1. Limited time only! Sign up for a free 30min personal tutor trial with Chegg Tutors
    Dismiss Notice
Dismiss Notice
Join Physics Forums Today!
The friendliest, high quality science and math community on the planet! Everyone who loves science is here!

Homework Help: Using parameterisation to calculate work done by force

  1. Jul 19, 2017 #1
    A force F = -K(yi + xj) (K is a positive constant) acts on a particle moving in the x-y plane. Starting from the origin, the particle is taken along the positive x-axis to the point (a, 0) and then parallel to the y-axis to the point (a, a). What is the total work done by the force F on the particle.

    My attempt:

    As the final position of the particle is (a, a) so I get the following using parameterisation for 0 <= t <= 1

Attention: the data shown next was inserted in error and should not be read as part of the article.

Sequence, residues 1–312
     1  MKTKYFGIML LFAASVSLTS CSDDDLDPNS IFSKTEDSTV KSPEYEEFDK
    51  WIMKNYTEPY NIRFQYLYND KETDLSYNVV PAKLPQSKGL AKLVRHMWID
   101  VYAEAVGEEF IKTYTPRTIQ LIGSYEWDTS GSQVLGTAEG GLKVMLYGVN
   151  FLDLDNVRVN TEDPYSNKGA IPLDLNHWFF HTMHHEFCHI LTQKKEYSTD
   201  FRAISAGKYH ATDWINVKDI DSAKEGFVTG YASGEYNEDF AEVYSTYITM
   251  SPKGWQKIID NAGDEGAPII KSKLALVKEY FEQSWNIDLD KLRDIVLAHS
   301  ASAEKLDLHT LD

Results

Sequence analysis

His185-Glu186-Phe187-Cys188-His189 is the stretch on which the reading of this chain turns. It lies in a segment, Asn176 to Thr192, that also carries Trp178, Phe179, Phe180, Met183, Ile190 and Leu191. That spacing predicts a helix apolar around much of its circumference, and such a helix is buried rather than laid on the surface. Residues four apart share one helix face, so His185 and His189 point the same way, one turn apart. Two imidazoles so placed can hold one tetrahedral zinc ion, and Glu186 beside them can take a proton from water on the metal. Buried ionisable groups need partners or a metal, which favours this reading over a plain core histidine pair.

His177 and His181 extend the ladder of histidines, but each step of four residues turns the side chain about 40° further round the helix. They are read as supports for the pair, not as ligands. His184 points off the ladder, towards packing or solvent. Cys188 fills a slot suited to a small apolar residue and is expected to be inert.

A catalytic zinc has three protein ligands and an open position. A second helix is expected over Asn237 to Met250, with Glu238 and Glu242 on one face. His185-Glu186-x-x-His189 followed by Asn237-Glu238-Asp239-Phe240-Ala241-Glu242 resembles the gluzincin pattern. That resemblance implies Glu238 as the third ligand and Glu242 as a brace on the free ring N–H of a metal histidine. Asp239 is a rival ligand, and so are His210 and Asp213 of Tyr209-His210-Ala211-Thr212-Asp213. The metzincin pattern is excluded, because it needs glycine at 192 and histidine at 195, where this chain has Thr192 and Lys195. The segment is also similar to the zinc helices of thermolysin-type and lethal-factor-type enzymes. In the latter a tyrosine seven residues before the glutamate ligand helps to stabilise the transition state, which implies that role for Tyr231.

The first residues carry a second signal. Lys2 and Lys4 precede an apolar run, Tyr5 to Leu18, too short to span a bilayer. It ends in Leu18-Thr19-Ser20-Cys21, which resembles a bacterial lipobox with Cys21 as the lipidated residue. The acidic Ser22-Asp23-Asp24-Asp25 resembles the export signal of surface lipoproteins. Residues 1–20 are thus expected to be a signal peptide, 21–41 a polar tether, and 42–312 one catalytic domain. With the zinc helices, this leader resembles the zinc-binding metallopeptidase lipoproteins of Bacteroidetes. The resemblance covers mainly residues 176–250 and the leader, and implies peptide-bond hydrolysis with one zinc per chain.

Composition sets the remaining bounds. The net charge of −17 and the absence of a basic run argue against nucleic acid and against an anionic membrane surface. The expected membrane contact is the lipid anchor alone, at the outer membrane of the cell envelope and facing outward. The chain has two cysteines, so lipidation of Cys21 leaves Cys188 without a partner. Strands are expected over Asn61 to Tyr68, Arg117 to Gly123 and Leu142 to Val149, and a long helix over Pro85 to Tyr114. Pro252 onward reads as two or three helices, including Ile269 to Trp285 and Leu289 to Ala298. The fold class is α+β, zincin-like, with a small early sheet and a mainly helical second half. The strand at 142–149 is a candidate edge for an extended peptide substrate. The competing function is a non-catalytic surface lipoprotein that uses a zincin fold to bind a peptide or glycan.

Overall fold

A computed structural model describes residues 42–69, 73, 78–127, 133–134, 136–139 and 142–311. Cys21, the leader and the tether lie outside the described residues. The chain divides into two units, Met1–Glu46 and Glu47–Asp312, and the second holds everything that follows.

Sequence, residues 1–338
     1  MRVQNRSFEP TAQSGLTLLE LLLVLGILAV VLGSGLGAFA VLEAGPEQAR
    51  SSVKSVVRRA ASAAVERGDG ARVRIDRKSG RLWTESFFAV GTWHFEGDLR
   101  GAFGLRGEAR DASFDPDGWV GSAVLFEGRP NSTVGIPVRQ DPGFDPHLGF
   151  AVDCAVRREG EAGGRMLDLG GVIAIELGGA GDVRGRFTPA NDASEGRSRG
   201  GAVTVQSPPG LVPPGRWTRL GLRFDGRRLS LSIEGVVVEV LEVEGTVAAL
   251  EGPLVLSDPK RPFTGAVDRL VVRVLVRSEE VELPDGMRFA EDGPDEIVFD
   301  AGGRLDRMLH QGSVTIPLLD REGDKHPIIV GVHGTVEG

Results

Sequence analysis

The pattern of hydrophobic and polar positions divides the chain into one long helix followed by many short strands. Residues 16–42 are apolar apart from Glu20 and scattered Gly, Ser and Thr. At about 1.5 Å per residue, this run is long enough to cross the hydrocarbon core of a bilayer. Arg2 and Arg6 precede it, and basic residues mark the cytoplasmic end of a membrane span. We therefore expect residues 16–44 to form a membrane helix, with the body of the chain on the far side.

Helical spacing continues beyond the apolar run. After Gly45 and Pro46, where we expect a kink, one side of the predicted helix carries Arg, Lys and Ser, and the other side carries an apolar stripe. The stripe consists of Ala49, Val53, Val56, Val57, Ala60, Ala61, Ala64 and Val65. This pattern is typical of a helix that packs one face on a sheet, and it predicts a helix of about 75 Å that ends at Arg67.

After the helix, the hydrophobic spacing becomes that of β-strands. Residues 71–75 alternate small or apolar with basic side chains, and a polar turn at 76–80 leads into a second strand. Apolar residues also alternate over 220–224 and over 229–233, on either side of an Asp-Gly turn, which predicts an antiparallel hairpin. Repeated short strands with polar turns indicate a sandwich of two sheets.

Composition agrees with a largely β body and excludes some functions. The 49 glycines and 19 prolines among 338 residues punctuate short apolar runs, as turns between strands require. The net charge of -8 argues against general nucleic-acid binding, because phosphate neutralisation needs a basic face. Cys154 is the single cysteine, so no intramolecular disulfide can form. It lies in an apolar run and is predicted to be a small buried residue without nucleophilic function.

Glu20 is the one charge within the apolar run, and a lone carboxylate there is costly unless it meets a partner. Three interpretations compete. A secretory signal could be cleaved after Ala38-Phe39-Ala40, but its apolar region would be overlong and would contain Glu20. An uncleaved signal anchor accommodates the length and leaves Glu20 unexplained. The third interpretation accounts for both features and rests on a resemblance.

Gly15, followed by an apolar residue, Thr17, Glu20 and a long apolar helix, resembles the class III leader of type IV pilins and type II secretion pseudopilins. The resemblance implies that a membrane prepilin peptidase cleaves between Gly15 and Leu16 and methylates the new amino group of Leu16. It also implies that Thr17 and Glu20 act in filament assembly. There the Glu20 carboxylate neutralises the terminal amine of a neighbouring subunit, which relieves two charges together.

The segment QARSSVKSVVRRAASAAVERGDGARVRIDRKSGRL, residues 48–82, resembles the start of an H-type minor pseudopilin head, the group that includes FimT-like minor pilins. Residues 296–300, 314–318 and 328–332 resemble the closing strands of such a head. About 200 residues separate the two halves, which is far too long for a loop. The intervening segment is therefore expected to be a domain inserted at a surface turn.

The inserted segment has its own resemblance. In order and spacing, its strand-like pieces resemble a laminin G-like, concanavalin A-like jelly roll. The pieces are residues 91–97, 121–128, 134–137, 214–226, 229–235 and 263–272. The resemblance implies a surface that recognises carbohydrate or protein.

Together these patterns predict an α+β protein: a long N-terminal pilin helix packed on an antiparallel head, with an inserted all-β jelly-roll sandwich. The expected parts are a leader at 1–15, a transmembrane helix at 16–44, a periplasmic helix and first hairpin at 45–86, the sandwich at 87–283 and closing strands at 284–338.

x = at
    y = at

    Thus the work done,

    W = integration -k(ydx + xdy)
    = integration -k(atdt + atdt)
    = integration -k(2atdt)
    = -2ak integration (tdt)
    = -ak [t]^2
    = -ak

    What am I doing wrong here?
  2. jcsd
  3. Jul 19, 2017 #2


    User Avatar
    Science Advisor

    What are dx and dy?
  4. Jul 19, 2017 #3

    Ray Vickson

    User Avatar
    Science Advisor
    Homework Helper

    Why do you go along a straight line from (0,0) to (a,a)? The question said to go along the sides of the square. Of course, for some types of forces the work done is independent of the path, but is that the case here?

    Anyway, even for the diagonal path, have you double-checked your work?
    Last edited: Jul 19, 2017
Share this great discussion with others via Reddit, Google+, Twitter, or Facebook

Have something to add?
Draft saved Draft deleted